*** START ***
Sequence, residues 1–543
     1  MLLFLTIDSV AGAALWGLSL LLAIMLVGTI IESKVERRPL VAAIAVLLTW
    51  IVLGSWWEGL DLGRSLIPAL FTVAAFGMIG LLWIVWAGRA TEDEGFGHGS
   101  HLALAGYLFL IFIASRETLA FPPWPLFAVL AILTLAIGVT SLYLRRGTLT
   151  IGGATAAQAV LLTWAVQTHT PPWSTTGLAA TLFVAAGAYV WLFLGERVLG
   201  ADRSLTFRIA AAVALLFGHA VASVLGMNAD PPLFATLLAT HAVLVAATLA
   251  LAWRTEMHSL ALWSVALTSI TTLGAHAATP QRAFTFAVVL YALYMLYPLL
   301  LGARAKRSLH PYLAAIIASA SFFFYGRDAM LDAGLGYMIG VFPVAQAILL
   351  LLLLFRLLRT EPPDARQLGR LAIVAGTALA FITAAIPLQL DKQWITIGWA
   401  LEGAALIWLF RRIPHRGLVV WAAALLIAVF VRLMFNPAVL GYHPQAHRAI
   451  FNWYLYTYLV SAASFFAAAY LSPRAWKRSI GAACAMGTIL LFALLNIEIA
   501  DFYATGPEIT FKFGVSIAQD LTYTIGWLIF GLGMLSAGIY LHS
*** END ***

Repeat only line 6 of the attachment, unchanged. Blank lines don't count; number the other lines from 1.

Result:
   201  ADRSLTFRIA AAVALLFGHA VASVLGMNAD PPLFATLLAT HAVLVAATLA